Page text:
Before Joo-Joo Ashworth (vocals, guitar) and Jeff Fribourg (omnichord) had written a real song, they had a fake band called Froth, and were making a fake record – a blank one that would spin for 20 minutes without making a sound.
In 2011, Froth was more of a concept, a joke, even. Nothing either Ashworth or Fribourg took seriously. After all, half of the group didn't even know how to play an instrument. Fribourg designed the cover art for the silent debut before he even learned to play the omnichord, an impulsive eBay purchase that had been sitting in his room for months.
They never put out the blank record, but in 2012, they did actually form the band – as an accident. When the Abigails dropped out from playing Ourbq, a mini-festival held in Fribourg's backyard, duty called for Froth. They scrambled to put together some songs, and for the very first time, actually played.
“It was a disaster,” says Fribourg. But with this unexpected start came some unexpectedly good music. For a band that began as a joke, the dreamy neo-psychedelic rock Froth produced was not.
Jeremy Katz was added on bass after picking one up for the first time only a month earlier. Cameron Allen joined in on drums after a steady career with local favorites Wyatt Blair and Keepers of the Sun. “He was a real musician while we were fake ones,” jokes Ashworth.
With this new dose of “real” musicianship, Froth finally materialized as a “real” band. Wyatt Blair and Tomas Dolas, founders of Echo Park based indie label Lolipop Records – the “day care for Echo Park bands,” Fribourg puts it – pledged support to the amateur group. “They're pretty much our dads,” Ashworth says of the label that motivated Froth to keep going.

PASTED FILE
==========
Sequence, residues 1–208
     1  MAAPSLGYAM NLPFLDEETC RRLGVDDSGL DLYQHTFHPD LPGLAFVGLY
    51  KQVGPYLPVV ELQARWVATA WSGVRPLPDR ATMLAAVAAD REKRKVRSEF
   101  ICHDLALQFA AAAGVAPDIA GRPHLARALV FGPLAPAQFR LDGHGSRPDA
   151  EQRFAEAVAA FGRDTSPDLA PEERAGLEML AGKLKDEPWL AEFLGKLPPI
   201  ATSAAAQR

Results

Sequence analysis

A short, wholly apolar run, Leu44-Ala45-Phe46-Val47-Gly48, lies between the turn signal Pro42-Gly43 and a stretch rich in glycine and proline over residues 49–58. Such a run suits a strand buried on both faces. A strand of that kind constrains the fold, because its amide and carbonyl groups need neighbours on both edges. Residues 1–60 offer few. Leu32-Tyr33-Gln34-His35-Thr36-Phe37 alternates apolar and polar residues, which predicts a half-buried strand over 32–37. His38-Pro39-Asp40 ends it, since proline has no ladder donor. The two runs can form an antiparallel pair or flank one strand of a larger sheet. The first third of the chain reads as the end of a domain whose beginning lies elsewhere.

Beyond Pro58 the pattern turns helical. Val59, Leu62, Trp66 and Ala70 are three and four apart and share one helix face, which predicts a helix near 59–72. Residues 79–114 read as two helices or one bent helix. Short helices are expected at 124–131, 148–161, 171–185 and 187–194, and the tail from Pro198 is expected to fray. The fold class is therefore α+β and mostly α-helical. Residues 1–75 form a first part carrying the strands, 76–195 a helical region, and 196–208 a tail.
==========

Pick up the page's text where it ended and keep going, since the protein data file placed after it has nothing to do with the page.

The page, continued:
Lolipop Records wasn't alone, though. After Froth's self-released EP, Gas Money, sold out in late 2012, Burger Records hopped on the Froth bandwagon to release their first full-length, Patterns, in July 2013 (the album was re-releaed on Lolipop Records January 2014).
After joining the prolific Burger Records' family, they were noticed by Hedi Slimane, the creative director of Parisian high-fashion brand Saint Laurent.
Slimane scouted the group at The Growlers' Beach Goth Party to record an extended version of their track “General Education” for the Saint Laurent Men's Fall 2014 line. The song was originally less than four minutes long. Slimane asked for 20.
“We'd send him something and he would say, 'No, it's not right yet,'” says Katz. “He pushes you to live up to his standard of professionalism.”
“He has a vision for shit,” adds Fribourg. “He's a genius.”
Don't get the wrong idea, though. Froth still don't take themselves too seriously. When asked what inspires their music, Ashworth quickly responds, “Girls.”
“I'm not political. I don't pay attention to important things.” He's mostly joking, but that's not uncommon for the guys in Froth. Heck, the band started as a joke.
Aside from touring the U.S. and a few members being involved with running Lolipop Records, the guys also spend their time arguing about whether or not they actually saw a UFO while touring through New Mexico.
“I don't believe in fucking anything but I'm 100% sure it was a UFO,” says Ashworth.
Katz responds, “I'm pretty sure it was a parachute with a light on it.”
“I think what Jeremy's overlooking is that we actually time travelled at that moment,” adds Fribourg.
Allen didn't say much.
Katz also tells about the band's continuing “science project” – they placed two orange slices on their van's dashboard weeks ago and have been watching them rot ever since.
“We're still figuring out who's going to eat them.”